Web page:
KANSAS CITY, Mo. — Offensive lineman Laurent Duvernay-Tardif became the first player to opt out of the upcoming NFL season on Friday, choosing to put his medical degree to use on the front lines of the coronavirus pandemic rather than helping the Kansas City Chiefs defend their first Super Bowl title in 50 years.
Duvernay-Tardif has been working to fulfill his requirements to become a doctor in the offseason, and has spent this summer working at a clinic in his native Canada. He said that experience helped him decide that if he was going to take any risks with his health, it would be to help patients dealing with the virus.
“This is one of the most difficult decisions I have had to make in my life but I must follow my convictions and do what I believe is right for me personally,” Duvernay-Tardif said in his announcement on Twitter. “That is why I have decided to take the opt-out option.”
The NFL and its players association agreed earlier Friday to an opt-out clause for the upcoming season. Those who choose to voluntarily will receive a $150,000 stipend and those with medical opt outs will receive $350,000 rather than their contractual salary, two people with knowledge of the decisions told The Associated Press. The people spoke to the AP on condition of anonymity because the stipend amount was not made public.
The deadline to opt out is Aug. 3, but Duvernay-Tardif made the decision before Chiefs veterans were due in camp.
“Being at the front line during this offseason has given me a different perspective on this pandemic and the stress it puts on individuals and our healthcare system,” Duvernay-Tardif said. “I cannot allow myself to potentially transmit the virus in our communities simply to play the sport that I love.”
The Chiefs welcomed rookies to training camp earlier this week, though most of their time was spent undergoing tests for COVID-19 and routine physicals. Veterans such as Duvernay-Tardif were expected to arrive in the coming days.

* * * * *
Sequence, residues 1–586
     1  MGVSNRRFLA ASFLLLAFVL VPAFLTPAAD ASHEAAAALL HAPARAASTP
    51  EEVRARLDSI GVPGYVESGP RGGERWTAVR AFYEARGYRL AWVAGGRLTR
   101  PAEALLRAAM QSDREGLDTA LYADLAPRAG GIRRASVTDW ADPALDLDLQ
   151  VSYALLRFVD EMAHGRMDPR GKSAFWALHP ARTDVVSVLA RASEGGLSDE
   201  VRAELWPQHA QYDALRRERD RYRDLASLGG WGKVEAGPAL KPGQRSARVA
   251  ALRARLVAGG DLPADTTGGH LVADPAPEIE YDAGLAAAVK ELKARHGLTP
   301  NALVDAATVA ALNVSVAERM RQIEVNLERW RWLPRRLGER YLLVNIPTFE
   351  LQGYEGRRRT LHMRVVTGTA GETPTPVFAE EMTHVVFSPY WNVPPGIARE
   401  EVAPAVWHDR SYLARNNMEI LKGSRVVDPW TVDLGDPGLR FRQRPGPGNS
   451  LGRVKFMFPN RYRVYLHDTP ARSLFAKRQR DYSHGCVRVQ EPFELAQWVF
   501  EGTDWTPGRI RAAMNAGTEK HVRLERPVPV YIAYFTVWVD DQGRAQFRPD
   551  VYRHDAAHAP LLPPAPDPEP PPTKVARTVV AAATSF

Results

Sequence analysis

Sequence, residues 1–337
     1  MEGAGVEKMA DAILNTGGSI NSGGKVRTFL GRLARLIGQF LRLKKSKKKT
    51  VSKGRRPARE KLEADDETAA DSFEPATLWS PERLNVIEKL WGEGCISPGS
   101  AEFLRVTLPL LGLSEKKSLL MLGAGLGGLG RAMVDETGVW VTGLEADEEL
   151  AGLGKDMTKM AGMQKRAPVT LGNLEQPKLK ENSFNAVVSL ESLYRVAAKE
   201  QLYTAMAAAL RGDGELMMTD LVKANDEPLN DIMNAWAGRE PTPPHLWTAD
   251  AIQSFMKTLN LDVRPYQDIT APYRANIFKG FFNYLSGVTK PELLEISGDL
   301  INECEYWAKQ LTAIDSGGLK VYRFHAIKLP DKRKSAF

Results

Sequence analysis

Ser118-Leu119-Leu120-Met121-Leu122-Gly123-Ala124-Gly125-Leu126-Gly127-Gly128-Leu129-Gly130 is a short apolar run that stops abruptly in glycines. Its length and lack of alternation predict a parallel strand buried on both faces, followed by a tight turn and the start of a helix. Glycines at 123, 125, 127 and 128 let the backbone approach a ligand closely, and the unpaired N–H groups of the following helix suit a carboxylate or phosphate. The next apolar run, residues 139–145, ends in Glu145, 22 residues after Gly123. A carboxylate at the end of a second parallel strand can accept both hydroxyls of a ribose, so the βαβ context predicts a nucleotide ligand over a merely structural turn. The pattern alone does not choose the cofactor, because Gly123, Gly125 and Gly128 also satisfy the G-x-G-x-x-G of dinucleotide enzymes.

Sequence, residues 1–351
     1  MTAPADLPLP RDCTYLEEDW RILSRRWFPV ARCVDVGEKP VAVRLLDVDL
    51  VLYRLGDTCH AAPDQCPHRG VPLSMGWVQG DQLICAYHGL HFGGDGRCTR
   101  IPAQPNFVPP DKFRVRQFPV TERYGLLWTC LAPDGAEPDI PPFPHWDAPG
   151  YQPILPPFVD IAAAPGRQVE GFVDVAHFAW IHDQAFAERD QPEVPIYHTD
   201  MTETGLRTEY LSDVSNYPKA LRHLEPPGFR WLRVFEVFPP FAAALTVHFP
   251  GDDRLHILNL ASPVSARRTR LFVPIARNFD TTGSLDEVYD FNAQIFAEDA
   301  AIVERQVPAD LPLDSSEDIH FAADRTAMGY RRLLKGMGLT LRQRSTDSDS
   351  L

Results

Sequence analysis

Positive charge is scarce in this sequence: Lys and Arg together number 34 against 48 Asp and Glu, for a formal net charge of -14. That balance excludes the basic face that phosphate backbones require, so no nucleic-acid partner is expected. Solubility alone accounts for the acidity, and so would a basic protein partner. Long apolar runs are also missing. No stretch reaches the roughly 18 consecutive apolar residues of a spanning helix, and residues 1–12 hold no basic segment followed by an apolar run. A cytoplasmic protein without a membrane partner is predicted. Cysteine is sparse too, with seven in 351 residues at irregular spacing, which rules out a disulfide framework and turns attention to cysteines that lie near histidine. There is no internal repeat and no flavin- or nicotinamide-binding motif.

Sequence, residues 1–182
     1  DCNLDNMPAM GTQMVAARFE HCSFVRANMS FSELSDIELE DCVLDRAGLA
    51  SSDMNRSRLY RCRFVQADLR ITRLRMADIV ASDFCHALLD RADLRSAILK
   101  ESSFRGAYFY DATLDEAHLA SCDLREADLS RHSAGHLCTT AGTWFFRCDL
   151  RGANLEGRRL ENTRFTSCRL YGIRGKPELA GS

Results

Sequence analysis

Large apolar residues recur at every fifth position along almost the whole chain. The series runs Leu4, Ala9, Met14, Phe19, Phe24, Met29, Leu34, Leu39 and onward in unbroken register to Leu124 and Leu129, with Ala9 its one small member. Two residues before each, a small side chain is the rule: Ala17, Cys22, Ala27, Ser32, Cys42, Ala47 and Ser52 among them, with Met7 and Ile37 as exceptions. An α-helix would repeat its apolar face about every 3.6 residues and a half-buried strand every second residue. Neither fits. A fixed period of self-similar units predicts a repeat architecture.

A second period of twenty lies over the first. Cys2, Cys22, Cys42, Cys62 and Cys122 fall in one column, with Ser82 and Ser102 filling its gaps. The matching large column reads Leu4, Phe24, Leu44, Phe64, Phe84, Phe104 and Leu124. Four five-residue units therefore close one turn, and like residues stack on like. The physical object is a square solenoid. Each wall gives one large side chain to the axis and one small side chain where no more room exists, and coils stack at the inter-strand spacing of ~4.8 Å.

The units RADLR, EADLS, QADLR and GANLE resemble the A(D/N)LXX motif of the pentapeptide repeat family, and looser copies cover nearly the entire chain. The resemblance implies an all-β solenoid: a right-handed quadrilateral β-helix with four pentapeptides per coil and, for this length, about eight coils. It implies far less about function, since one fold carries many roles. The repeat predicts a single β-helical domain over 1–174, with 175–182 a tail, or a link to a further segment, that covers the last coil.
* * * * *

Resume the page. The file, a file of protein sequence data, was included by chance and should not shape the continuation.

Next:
The 29-year-old Duvernay-Tardif was a relative unknown when the Chiefs selected him in the sixth round of the 2014 draft out of McGill University, which plays at a level in Canada roughly equal to Division III in the U.S. But his intelligence allowed him to quickly pick up coach Andy Reid's playbook, and a year spent learning the ropes — and building strength and more experience — pushed him into the starting lineup by the following season.
Duvernay-Tardif played well enough while starting 27 of his next 30 games that he earned a four-year, $42.36 million deal in February 2017. It would have paid him a base salary of $2.75 million this season with a $750,000 roster bonus.
Duvernay-Tardif has dealt with a series of injuries since signing the deal. He fractured his fibula in Week 5 of the 2018 season and was out until the playoffs, and he missed two games with injuries during last season's Super Bowl run.
He played every offensive snap in the playoffs, helping the Chiefs rally to beat the San Francisco 49ers for the title.
The Chiefs signed most of their free agents from the team, and quarterback Patrick Mahomes and defensive tackle Chris Jones signed monster contracts over the summer, as they tried to bring the team back intact. They had 20 of 22 starters on offense and defense returning before Duvernay-Tardif announced his decision to opt out.
“Given the worldwide sanitary crisis we are currently experiencing, the NFL and the NFLPA have agreed to significant health and safety protocols to protect the players. There is no doubt in my mind the Chiefs’ medical staff have put together a strong plan to minimize the health risks associated with COVID-19 but some risks will remain,” he said. “I want to thank everyone in the Kansas City Chiefs organization for their support and understanding.”